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Kick Start
Tom Verducci
May 18, 1998
Dismantling opponents with fearsome efficiency, the Yankees have run up baseball's best early season record in 14 years
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May 18, 1998

Kick Start

Dismantling opponents with fearsome efficiency, the Yankees have run up baseball's best early season record in 14 years

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The Finer Points
The '98 Yankees will never be mistaken for the legendary Bronx Bombers. As these stats show, New York is winning partly because it ranks first or second in the major leagues in many of the "little things."




Plate appearances per game



Pitches per plate appearance



Walks per game



Stolen bases per game



On-base percentage



Sacrifice flies per game



Relief pitchers faced per game



Baseball's speedup police hate the New York Yankees. Three times this season American League president and traffic cop Gene Budig has telephoned Yankees general manager Brian Cashman to complain about the dawdling pace of New York's games. Three times Cashman has all but pleaded, I swear, officer. We're trying.

Budig would be better served if he rang up some pitchers on other American League teams to find out why a typical Yankees game lasts three hours, 13 minutes, or 17 minutes longer than the league average. He would find that pitching to a lineup that's as deep as Nietzsche and hits like Nitschke is as arduous as an IRS audit. The Yankees draw more walks, put more runners on base, steal more bases, force more pitching changes and provoke more beads of cold sweat from men on the mound than any other club in the league. Mix in 34 home runs in 31 games and the league's third-best slugging percentage, and the New York lineup is to offense what the Swiss army knife is to cutlery.

On top of that offensive diversity, add a pitching staff that has allowed fewer runs than any other American League team, and it makes you wonder what Cashman is doing working the phones for possible trades when he's not fending off Budig. What do you get the team that really does have everything? "If I can't improve the 25-man roster, I'll look for spots where I can improve the 40-man roster," Cashman says.

Says Minnesota Twins designated hitter Paul Molitor, a 20-year veteran, "It's early, but this may be the best Yankee team since I've been playing. On top of pitching, defense and the ability to run the bases, they have a very professional group of people. The thing that I think sets them apart is that they have great clutch hitters who are patient enough to wait for their pitch. If they walk, fine. The next guy can get it done. There's never a sense of urgency to be the guy."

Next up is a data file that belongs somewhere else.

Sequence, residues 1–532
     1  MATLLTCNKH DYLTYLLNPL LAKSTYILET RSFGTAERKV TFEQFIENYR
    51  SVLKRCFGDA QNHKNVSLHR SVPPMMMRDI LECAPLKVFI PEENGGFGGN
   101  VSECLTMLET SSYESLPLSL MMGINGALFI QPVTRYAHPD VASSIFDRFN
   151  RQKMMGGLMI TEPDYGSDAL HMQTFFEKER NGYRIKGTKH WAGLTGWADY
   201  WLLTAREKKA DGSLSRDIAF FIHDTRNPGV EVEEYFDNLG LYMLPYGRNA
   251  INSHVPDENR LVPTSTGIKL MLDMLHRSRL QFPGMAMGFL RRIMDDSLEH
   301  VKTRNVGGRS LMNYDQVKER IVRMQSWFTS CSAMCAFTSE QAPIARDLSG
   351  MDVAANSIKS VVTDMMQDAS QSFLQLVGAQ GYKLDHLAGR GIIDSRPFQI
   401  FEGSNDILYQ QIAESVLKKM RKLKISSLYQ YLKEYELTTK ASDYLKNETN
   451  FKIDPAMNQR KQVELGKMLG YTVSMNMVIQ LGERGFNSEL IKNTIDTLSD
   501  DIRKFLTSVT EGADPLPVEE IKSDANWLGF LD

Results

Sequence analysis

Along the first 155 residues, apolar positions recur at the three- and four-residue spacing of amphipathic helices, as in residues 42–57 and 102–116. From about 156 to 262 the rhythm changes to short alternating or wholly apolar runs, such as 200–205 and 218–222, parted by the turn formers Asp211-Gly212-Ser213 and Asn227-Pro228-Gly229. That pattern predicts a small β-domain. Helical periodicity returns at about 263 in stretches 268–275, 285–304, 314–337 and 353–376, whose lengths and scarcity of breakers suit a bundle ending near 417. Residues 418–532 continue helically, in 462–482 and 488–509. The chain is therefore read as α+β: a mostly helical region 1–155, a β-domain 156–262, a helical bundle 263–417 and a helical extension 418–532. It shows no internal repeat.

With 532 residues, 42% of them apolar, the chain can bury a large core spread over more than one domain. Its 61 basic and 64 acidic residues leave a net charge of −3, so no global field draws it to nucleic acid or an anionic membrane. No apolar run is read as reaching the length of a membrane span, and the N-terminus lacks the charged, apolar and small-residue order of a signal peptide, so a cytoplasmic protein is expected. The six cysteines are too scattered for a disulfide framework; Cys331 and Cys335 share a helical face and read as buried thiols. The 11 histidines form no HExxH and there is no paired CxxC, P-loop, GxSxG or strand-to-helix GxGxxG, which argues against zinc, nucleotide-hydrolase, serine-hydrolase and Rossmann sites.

This is owner George Steinbrenner's überteam, the best his local TV money can buy. (The New York payroll is $63.2 million, the second highest in baseball, after Baltimore's.) The Yankees were 24-7 after Ramiro Mendoza shut out the Minnesota Twins on five hits in New York's 7-0 win on Sunday. The Yankees hadn't started that well since Casey Stengel was managing, 40 years ago. And the 22-2 run that Twins righthander Mike Morgan interrupted with an 8-1 victory last Saturday had not been accomplished in 51 Yankees seasons, since Joe DiMaggio was running down flies for Bucky Harris. Not bad for a team that at week's end had played the fewest home games of any team in the majors (10), whose highest-paid player (centerfielder Bernie Williams) had contributed zero home runs in 119 at bats, whose leading home run hitter (DH-leftfielder Darryl Strawberry) has hit more home runs in the minors than in the majors since he turned 30 six years ago, and whose best hitter (first baseman Tino Martinez) has such a low star quotient that he spent last Saturday strolling through a downtown Minneapolis mall without being recognized. Indeed, one of the more remarkable attributes of the club is its lunch-bucket personality. The clubhouse is decidedly lacking in large heads, the team-leading 7⅝-sized dome of pitcher Hideki Irabu notwithstanding.

Through an interpreter, Irabu says of his club's run, "No, I've never seen it anywhere. I feel very lucky just to be able to play on this team right now."

Says third baseman Scott Brosius, "I was on a pretty good team in Little League, but we only played 18 games. I've never seen anything like this."

In this century only 15 teams had a better record after 30 games than the Yankees'—and 12 of them finished atop their league or division. The Yankees have made a first impression that recalls the 1990 Athletics, the only American League team this decade to exceed 100 wins; the '75 Reds and the '86 Mets, whose 108 wins are the most in baseball in the past quarter century; the '84 Tigers, the last team to start out hotter than this (26-4); and, in a recent stretch of 43 innings in which the Yankees never trailed, the '72-73 Harlem Globetrotters. Says Molitor, "You can't really find one area where they're short."

So decorated are the Yankees that the team's valuables safe would have made Liberace blush. The 26 Yankees (including injured DH Chili Davis) own a combined 22 world championship rings. They also have accumulated 316 games of postseason experience and 35 All-Star appearances.

Cashman, the rookie general manager, has more ammunition on the way. Davis, who had only four at bats before an ankle injury landed him on the disabled list, is expected to begin his rehabilitation program on Friday and be back in the lineup in July. Cuban refugee righthander Orlando Hernandez is toying with minor leaguers (30 strikeouts in 17⅔ innings) until the Yankees decide to put him in the rotation in place of righthander Mendoza, who will fortify an already deep bullpen.

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